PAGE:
- Love your enemies, bless them that curse you, do good to them that hate you, and pray for them who despitefully use you and persecute you. I do pray for Ms. P. I serve her, sometimes anonymously, but I have. The other day I read a sign that said, “Live so that if someone said something negative about you, no one would believe it.” I hope I do that.
- Forgive. I am not waiting for Ms. P to apologize, in fact, I really believe that.will.never.happen, especially if she does not believe she has done anything wrong. I can forgive her for making mistakes, being unkind or mean, and I can even forgive her for things she doesn’t know she has done. Forgiveness is for the person harmed—–so I don’t have to carry around negative feelings toward that person. And I work on this every day. I admit it is difficult when something else involving my children and Ms. P comes to light. I struggle again, sometimes for days. I think sometimes, we want forgiveness to mean ‘I trust you again.’ Well, it doesn’t. I am not perfect in my ability to apply Mercy just yet. I am learning too. When my trust has been violated, you may never get it back. It takes a lot, and I will not do the work for you. Its not that I hate you, or even that I do not like you, but I do not trust you, and that is how it is. I have not learned how to repair this yet. I’m sure the Savior will help me to figure it out. But for me today, forgiveness and trust are different, and I can have one without the other.
- Trust and Faith: I know I can trust and have faith in God. I know if He tells me to do something, even if it is difficult, it will be what is best. Several times I have received promptings to do something for Ms. P. I have acted on those promptings. I have no idea what they have done for her, but I know what they have done for me. They have softened my heart toward her. I have seen inside Ms. P’s heart. I know she can do good. I know she loves God and Jesus Christ and the gospel. I know she can be kind. I know she is learning and growing, just like me, and I do not expect her to be perfect. I know she has hard things to do in her life without drama on my part and I honestly try to just avoid anything that would cause more drama for either of us. Maybe what I do expect is too much. I get particularly irritated when I feel she behaves in a way with my children that I take special care not to do with hers—like be unkind to them because she is upset with me. I really like her kids and think most of them are amazing. The others I do not know very well and so my opinion of them is not quite formed yet.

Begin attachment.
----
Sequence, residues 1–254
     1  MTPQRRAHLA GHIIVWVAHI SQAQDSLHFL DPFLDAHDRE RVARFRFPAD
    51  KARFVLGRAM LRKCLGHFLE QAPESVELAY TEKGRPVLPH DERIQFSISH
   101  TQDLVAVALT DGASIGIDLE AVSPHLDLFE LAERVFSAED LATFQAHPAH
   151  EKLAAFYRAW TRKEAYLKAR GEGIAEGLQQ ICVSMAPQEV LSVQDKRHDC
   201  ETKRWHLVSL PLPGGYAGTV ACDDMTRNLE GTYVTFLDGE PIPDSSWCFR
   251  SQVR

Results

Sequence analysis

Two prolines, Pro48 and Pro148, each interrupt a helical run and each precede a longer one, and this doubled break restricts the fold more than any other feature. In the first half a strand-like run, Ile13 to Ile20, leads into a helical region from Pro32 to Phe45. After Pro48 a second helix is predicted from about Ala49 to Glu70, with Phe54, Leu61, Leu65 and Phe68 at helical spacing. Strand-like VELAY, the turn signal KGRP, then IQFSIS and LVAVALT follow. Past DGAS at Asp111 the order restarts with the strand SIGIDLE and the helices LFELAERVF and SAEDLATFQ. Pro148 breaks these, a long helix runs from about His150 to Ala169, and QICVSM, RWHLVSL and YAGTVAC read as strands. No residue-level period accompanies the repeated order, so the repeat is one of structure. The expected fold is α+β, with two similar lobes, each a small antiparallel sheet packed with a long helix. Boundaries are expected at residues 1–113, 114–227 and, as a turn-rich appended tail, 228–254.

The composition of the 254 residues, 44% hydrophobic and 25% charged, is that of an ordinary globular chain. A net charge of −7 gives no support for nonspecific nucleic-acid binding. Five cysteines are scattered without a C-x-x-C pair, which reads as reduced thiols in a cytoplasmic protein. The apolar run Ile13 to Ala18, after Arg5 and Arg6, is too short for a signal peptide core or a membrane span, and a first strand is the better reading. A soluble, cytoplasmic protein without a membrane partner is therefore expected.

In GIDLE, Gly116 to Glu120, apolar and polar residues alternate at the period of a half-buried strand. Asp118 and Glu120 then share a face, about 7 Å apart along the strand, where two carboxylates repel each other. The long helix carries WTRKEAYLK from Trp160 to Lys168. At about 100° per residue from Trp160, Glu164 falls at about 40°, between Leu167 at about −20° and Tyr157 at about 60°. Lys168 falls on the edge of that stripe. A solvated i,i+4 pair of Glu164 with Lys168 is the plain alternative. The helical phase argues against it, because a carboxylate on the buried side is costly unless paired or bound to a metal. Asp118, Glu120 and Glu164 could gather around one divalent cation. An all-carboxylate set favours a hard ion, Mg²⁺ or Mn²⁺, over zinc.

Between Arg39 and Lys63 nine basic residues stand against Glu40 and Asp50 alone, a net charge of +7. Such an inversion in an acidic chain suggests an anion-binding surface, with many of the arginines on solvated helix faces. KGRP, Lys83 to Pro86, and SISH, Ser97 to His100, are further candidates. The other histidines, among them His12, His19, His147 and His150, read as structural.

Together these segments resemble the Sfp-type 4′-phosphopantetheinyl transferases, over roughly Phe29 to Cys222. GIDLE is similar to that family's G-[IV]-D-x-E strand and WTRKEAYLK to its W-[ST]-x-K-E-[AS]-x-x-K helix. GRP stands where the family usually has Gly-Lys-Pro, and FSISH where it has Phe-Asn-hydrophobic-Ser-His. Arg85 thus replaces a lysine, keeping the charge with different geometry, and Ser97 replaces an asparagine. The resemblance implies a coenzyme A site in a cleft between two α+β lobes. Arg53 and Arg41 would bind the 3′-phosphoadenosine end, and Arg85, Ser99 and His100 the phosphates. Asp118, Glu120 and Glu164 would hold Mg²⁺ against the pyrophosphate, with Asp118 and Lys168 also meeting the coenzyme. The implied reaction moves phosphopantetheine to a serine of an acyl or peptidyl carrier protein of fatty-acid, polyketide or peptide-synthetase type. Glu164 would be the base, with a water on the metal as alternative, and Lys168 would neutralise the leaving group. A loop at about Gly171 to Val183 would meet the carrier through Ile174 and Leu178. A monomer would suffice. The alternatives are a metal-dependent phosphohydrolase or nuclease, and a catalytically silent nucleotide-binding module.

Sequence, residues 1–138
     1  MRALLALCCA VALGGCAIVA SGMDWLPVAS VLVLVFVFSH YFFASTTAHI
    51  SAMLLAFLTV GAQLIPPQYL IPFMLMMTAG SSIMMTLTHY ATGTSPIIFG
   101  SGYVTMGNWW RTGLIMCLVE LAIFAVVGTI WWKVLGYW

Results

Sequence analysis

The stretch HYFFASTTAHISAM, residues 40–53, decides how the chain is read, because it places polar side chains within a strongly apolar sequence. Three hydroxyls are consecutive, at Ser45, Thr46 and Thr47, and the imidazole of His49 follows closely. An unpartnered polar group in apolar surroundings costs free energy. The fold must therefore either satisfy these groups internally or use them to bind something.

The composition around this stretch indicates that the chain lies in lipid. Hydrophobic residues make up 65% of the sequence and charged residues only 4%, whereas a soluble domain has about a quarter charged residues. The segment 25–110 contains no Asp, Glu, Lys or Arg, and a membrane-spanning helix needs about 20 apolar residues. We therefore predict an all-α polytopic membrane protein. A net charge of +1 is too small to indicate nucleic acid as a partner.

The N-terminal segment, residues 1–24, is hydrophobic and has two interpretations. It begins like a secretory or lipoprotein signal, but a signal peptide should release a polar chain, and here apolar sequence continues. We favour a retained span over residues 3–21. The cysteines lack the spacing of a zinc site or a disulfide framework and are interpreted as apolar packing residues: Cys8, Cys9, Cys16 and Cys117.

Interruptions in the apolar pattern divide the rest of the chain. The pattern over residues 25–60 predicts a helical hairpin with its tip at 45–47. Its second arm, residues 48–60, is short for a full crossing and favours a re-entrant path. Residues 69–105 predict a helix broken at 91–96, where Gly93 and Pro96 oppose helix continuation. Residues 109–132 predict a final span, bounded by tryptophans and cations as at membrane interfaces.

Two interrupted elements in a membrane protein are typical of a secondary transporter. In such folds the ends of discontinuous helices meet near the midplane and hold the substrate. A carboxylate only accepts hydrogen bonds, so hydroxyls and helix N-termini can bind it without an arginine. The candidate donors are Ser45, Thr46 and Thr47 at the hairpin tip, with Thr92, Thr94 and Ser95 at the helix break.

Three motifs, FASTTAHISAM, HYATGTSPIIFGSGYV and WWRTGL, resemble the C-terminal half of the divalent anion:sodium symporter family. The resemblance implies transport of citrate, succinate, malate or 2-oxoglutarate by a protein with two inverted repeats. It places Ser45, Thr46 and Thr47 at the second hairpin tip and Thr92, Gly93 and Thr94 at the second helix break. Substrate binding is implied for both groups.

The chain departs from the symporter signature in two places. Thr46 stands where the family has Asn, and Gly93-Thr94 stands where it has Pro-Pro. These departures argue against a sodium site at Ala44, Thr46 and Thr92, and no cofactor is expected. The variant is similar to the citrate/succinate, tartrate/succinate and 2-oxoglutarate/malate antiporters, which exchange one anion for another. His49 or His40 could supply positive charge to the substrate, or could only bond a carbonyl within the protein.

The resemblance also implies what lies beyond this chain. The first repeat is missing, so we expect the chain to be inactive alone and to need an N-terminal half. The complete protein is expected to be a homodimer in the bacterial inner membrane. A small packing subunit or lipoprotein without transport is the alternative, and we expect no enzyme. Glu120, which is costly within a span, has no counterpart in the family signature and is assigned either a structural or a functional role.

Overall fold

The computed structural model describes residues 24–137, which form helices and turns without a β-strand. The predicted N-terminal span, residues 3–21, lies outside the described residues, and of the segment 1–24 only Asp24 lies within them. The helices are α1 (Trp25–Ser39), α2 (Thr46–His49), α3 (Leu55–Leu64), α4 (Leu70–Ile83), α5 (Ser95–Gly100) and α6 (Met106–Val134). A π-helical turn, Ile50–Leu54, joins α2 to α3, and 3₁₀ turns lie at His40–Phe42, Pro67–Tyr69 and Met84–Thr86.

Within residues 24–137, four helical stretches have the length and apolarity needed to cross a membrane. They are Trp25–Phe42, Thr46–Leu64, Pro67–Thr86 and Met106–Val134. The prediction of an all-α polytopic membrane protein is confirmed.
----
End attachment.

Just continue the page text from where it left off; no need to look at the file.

- Hope: What do I hope for Ms P? I hope she learns to love herself. I hope she learns that even if people do not like her, she can believe it is probably just because they really do not know the true Ms. P. Ms. P, you do not have to pretend in order for people to like you. You have some very nice qualities and you can be very, very beautiful if you will allow yourself to change and grow.
There isn’t one of us who everyone will like. Some people even hate God and I’m pretty sure He hasn’t done anything hurtful to them. Remember He only gives loaves and fishes—not stones and serpents.
As for me, I hope I will always interact appropriately with the Ms. P’s of the world. I have some very valid reasons for why I struggle with those personalities. Reasons I didn’t know until this week and reasons I wouldn’t have understood without the current Ms. P situation. They have NOTHING to do with Ms. P, except she facilitated my learning process, and they are too personal to share in blogging. They are things I will have to work on. But now, because of my new understanding about myself, hopefully I will be able to manage any future Ms. P situations better and more like the Savior would. It has already improved other relationships I struggle with.
I hope Ms. P and I both become the women God intends us to be.
What about you? How do you manage difficult relationships?